Continuing through August 20, 2022
Trained at Peru’s National Academy of Fine Arts in Lima, William Hernandez spent his junior year in Chile on a scholarship at a Department of Culture workshop. As a result, given his history of gallery exhibitions and public mural projects, Hernandez’s style has evolved into a brand of direct, simple figuration that he executes with a strictly limited palette and stark distinction between residential and outdoor size and scale. The stresses and strains of this double aesthetic identity and divided loyalties are a central theme of “I Wish I Could.”
That title implies something that remains unfinished, and individual works indeed address varied aspirations. Since the figures all seem to be looking away from one another, “I wish I could communicate with people better” is one possibility. “I wish I could break through to deeper personal meaning other than family and friends” is another. Hernandez’s people take on cartoon or comic-strip dimensions, at best lifting loneliness and isolation onto a humorous, touching plane. At their worst, however, they recall Walter Keane, the controversial 60s-era San Francisco Bay Area con artist, subject of the 2014 film, “Big Eyes,” whose paintings turned out to have been made by his recently deceased wife, Margaret, and signed by him.
Hernandez’s own career is divided between North American career strategies pursued since he moved to Portland at age 32, and his earlier, more openly populist career in South America. Those youthful works were more clearly indebted to Surrealism, the only modern-art movement allowed entry into Hernandez’s hushed and happy inner world.
That history leaves us with Hernandez’s “This is How I Feel” (2002), a multi-faced, male-and-female portrait head of someone wearing a black-and-white shirt. Cosseted by a purple-drenched background, the figure is iconic and illustrative, expressing “this is how I feel,” without a drop of expressionism or angst. Similarly, “Individually, We Are One Drop/Together, We are an Ocean” (2021) lifts directly from Dali’s film, “Un Chien Andalou” (1929), by putting eyes on hands that are shielding a cowering face. The title sounds like the familiar Chilean resistance chant, “The People United Will Never Be Defeated.” It’s hard to reconcile the activist tone with the recessive, timid gesture. “The Daydreamer” (n.d.) works better as a Surrealist trope, with its figure in a dress hoisted upon a wire high above a miniaturized Space Needle. Orange sky ablaze, Seattle hasn’t looked this threatening since Alan Rudolph’s film ”Trouble in Mind” (1985), wherein Divine crashes a sculpture by Dale Chihuly and it rains all the time.
To be fair, Hernandez’s brand of Surrealism has a “Twilight Zone” sensibility of disturbing normality. Examples include the eerie twin boys involved in “The Argument” (2020), and “Zoom Time,” (2020), which focuses our attention on a seated child surrounded by broken toys. Also in this vein, “Teach Me to Believe” depicts a seated girl flutist surrounded by creepy descending acrobats. It feels as if she has summoned them with her music.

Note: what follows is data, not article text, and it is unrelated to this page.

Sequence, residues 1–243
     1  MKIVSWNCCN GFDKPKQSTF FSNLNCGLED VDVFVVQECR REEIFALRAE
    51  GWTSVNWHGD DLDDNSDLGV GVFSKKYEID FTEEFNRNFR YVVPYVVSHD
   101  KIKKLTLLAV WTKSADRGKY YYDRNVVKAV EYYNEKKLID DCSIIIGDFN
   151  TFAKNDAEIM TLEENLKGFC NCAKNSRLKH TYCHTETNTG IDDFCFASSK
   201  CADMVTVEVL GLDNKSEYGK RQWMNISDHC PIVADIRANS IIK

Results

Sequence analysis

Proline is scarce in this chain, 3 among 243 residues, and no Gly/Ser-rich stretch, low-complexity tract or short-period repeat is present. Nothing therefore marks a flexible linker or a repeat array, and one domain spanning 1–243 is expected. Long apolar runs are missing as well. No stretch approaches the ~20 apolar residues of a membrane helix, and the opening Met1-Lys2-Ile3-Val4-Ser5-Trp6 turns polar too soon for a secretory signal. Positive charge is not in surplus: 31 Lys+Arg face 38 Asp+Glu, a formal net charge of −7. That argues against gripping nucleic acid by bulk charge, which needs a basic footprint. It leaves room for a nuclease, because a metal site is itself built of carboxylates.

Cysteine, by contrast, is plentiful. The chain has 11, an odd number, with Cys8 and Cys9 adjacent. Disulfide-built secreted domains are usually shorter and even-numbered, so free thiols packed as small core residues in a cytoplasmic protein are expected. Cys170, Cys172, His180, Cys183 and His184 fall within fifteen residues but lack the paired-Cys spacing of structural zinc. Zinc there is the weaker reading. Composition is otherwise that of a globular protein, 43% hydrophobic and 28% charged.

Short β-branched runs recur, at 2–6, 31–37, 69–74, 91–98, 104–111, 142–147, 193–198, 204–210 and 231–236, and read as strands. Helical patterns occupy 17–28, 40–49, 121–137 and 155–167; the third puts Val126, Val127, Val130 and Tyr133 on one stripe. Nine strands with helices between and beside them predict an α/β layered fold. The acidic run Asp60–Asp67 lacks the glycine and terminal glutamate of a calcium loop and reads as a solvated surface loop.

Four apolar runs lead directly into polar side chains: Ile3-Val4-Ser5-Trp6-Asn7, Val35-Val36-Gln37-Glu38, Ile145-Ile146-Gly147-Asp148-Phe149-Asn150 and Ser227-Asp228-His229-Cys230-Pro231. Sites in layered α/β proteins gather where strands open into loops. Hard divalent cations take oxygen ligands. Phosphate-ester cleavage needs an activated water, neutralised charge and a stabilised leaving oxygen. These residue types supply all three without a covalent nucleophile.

More akin to the murals the artist has collaborated on in Oregon, several small, rectangular paintings crowd groups of figures into environments of safety, as in “A New Dawn is Beginning,” “How Beautiful is My City,” “The Joy Collection,” and “My New Friends” (all 2022). With Mount Hood resplendent in the distance, and friendly donkey-pets closer up, these works are rather saccharine. One pines for anything that alludes to Peru’s gruesome political history, seized by dictator Alberto Fujimori and torn apart by the Maoist guerrillas, Shining Path.
Hernandez’s only open allusion to his native country appears in “Let’s Go Outside for a Life Lesson” (2022), with a friendly llama guarding a mother and son. The “lesson,” one assumes, is the violence left behind. If so, “Some People Walk in the Rain, Others Just Get Wet” (2022) must be another mother and child fleeing criminal or political violence. The beautiful female nude wrapped in a sheet in “Late at Night I See the Promise of Tomorrow and the Happiness it Holds” (2020) is a bitterly ironic comment on the terrorist raids in Lima. For the most part, the carnage and urgent social problems that have plagued Peru and its neighbors are otherwise completely absent or perhaps repressed.
Most successful and perplexing of all, “Based on a True History” (2022) depicts the artist painting spots on a Holstein steer. Rebuilding nature from the ground up, Hernandez re-takes control in order to confront potential power and domesticated danger. As seen here, Hernandez confronts his demons rather than hiding them in happy-face vignettes.